Avoid This Mistake When Resigning Or Go Back on The Job Market

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If you are about to resign from your job, be warned.

To save yourself a lot of time, effort and frustration, decline the counteroffer.

Otherwise, you are almost guaranteed to end up back on the job market within a year.

Some people elect to have a conversation with the boss before getting too deep into their job search.

If you have a good working relationship with your supervisor, there’s nothing wrong with mentioning that you’re considering exploring other options.

A reasonable manager will appreciate knowing you may be leaving soon.

Having this conversation also gives your supervisor an opportunity to make an offer before you secure employment elsewhere.

With that being said, it shouldn’t take a competing offer or notice of your intention to leave to encourage your current employer to increase your salary or give you other perks to stay.

The organisation should have been taking care of you properly throughout your time there. When you have one foot out the door is not when they should take notice of your value and reward it.

Only a small percentage of employees notify their supervisors prior to starting a job search.

There is no harm in doing so, particularly if you are looking to change industries or at the end of a contract. It’s also necessary if you want the supervisor to serve as a reference for you.

The number of people who notify their boss before a job search in hopes of remaining with the company and securing a better benefits package and salary is limited.

Remember Why You Want a New Job

Before embarking on a job search, ask yourself:

Why do you want a new job? Or perhaps, why do you want to leave your current company?

There are plenty of reasons people leave an organisation or role.

Perhaps the pay is bad. Or maybe they haven’t gotten the expected promotions.

Others leave because they’re bored and aren’t being challenged.

Do you feel overworked? Or underappreciated?

Maybe you can’t stand the boss.

Is the company culture too political? Or too competitive? Or unsupportive?

Is there something about the job that lowers your quality of life or goes against the idea of work life balance?

Counteroffers Address Money, But Little Else

In the end, a counteroffer will probably just be more money. It will not solve the other problems that prompted you to look for another position in the first place.

Accepting a counteroffer is simply delaying the inevitable.

And research has proven this. Most people who accept a counteroffer leave within the year.

Why is that? Quite simply, counteroffers address money, not the things that actually impact workplace happiness and job satisfaction.

Reasons to Reject a Counteroffer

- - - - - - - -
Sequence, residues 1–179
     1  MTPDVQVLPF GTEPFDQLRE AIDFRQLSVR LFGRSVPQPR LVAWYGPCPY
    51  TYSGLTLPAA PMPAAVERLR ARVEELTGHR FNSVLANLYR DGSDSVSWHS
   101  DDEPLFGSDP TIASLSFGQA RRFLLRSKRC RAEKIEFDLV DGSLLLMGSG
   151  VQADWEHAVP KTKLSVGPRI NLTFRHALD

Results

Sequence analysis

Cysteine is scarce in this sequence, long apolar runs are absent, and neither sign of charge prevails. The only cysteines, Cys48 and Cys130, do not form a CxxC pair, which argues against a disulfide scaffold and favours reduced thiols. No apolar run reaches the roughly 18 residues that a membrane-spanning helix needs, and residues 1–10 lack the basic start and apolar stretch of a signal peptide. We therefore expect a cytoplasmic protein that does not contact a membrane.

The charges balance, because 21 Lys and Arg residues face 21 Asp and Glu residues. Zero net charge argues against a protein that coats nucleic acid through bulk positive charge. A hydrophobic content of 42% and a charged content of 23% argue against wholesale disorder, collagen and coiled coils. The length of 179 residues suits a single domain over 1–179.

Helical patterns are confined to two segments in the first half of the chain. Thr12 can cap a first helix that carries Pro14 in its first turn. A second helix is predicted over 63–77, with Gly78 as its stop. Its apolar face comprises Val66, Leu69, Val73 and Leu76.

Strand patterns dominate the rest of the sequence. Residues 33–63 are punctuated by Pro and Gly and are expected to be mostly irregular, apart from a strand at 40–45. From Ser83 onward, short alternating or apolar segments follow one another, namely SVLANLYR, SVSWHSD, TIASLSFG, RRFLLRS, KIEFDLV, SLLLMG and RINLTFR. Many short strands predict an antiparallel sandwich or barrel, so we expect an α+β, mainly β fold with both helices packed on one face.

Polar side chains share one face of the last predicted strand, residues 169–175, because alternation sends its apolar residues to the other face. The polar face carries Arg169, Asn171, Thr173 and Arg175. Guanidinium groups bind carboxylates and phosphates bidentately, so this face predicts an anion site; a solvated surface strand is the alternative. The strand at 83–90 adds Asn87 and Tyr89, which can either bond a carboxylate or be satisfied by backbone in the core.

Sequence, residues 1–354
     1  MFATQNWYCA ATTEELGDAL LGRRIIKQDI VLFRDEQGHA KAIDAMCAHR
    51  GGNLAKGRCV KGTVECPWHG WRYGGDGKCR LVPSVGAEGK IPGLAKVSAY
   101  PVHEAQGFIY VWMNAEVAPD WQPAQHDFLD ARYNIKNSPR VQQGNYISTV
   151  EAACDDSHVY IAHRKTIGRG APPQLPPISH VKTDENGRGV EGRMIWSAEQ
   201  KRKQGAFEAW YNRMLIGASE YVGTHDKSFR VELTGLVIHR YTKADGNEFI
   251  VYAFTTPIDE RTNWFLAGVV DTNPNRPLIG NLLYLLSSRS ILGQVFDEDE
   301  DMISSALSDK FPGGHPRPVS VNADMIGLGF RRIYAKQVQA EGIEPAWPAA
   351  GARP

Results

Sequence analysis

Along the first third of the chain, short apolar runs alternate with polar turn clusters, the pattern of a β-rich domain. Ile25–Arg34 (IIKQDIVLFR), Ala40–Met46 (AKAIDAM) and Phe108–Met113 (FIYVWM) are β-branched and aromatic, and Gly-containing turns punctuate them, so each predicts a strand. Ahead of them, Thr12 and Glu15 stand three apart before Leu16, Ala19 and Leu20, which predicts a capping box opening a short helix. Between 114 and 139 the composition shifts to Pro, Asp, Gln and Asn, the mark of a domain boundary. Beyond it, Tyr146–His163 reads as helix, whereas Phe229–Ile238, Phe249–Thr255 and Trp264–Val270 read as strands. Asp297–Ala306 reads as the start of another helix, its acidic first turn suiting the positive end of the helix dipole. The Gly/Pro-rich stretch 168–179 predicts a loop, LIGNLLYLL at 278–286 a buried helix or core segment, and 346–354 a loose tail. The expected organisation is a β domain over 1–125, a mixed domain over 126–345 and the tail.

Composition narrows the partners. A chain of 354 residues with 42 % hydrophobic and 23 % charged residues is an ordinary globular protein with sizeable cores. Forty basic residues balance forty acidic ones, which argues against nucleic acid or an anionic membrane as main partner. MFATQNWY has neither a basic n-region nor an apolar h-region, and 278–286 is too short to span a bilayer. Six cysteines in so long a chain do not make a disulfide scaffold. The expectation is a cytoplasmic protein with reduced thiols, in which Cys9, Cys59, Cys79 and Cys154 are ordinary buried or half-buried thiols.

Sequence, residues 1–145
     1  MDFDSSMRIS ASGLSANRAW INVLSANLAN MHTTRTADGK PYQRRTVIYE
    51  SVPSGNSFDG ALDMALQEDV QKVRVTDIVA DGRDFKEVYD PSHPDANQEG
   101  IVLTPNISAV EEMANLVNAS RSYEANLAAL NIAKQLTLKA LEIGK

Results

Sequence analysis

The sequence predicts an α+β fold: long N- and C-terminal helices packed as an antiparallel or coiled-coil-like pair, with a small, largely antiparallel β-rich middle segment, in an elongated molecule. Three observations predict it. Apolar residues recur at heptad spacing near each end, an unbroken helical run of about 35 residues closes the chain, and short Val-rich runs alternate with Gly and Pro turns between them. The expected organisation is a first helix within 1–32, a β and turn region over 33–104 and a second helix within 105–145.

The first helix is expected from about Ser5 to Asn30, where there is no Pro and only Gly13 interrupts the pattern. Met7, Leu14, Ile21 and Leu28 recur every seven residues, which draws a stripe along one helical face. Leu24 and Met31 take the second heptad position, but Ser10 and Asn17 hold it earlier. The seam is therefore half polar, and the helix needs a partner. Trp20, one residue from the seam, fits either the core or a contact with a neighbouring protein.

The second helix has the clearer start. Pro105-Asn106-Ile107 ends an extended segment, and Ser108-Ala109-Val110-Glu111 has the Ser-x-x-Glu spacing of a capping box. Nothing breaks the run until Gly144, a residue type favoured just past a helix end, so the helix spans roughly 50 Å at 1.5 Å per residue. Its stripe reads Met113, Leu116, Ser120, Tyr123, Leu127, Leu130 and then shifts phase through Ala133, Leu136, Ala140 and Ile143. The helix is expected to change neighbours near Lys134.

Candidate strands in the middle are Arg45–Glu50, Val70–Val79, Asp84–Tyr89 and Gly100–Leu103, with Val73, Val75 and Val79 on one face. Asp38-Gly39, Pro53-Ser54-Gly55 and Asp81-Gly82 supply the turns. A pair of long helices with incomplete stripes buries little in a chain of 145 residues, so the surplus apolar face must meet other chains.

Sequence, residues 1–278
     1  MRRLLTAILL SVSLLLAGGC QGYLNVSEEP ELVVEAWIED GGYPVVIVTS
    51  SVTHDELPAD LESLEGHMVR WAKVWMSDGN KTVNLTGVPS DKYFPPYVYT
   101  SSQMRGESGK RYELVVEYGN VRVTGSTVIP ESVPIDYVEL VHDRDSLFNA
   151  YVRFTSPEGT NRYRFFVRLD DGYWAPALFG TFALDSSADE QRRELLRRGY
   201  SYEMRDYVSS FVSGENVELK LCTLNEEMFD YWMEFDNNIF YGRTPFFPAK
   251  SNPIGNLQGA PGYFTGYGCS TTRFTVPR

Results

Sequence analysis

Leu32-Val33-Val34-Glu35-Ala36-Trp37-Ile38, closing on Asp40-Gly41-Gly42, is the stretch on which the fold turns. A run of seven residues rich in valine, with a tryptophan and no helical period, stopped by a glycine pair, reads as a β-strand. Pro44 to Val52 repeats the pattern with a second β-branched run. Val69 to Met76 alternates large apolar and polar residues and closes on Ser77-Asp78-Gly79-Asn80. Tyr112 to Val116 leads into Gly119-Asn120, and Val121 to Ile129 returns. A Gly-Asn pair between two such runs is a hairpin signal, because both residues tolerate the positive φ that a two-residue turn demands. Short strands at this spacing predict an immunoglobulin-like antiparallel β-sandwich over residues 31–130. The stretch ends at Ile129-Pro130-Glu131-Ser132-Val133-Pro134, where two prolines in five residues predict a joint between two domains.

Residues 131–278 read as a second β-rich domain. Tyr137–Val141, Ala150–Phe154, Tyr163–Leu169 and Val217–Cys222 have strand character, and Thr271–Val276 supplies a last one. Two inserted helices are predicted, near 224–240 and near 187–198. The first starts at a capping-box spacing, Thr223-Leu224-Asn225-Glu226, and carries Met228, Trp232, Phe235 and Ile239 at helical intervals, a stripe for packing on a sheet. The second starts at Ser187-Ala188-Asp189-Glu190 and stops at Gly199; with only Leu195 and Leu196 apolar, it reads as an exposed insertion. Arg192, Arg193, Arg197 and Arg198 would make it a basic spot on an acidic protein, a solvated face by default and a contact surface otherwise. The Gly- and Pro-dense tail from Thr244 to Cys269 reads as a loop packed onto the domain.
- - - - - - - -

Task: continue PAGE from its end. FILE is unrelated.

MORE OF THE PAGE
There are number of reasons accepting a counteroffer is not in your best interest.

Over the last few years, the frequency of counteroffers has increased. This is due in part to increased competition.

Companies don’t want to lose high performing employees.

Of course, one way to avoid employees looking for greener pastures is to reward them proactively rather than reactively once they look to jump ship.

If your company offers you a higher salary to stay that indicates they know they’ve been underpaying you for your talent and dedication.

Accepting a counteroffer may lead to colleagues resenting you for being given special treatment and the increased salary they feel entitled to.

Another repercussion of accepting a counteroffer is that it may result in your employer questioning your loyalty.

They will be happy you stayed because you’ve delayed their need to fill a vacancy.

But chances are management will never fully trust you moving forward. They will wonder how long it will be before you return with another resignation letter.

In terms of your career as a whole, there are two more reasons to reject a counteroffer.

A New Role Offers Increased Growth Opportunities

When you are offered a new position, it is a gamble for the new employer.

A new hire is always risky. But there is obviously something the new employer sees in you that makes them willing to take that risk.

There is some potential they recognise and they’re looking at you not just for what you can offer today but how you can grow and add value to the company in the future.

By contrast your current employer probably hasn’t put much though into your future growth.

If they were fully invested in your professional development, you probably wouldn’t have considered leaving in the first place.

As a result, your career trajectory is almost certainly more positive moving into a new role instead of remaining in the current one.

Finally, choosing to stay with your current employer is remaining in your comfort zone.

Moving into a new role forces you out of your comfort zone and results in new opportunities and growth.

In the end, if you decide to resign, do not waiver.

There are very few examples of people who have accepted a counteroffer and been successful long term.

If you prefer to take your chances and negotiate a counteroffer, remember all those reasons you wanted to quit in the first place.

Don’t just renegotiate your salary. Renegotiate the whole package.

Whether it is asking for a corner office or work from home arrangements, request everything that caused you to look elsewhere.

And whatever you do, get in writing all the details of the new counteroffer so you don’t end up back on the job market in six months’ time.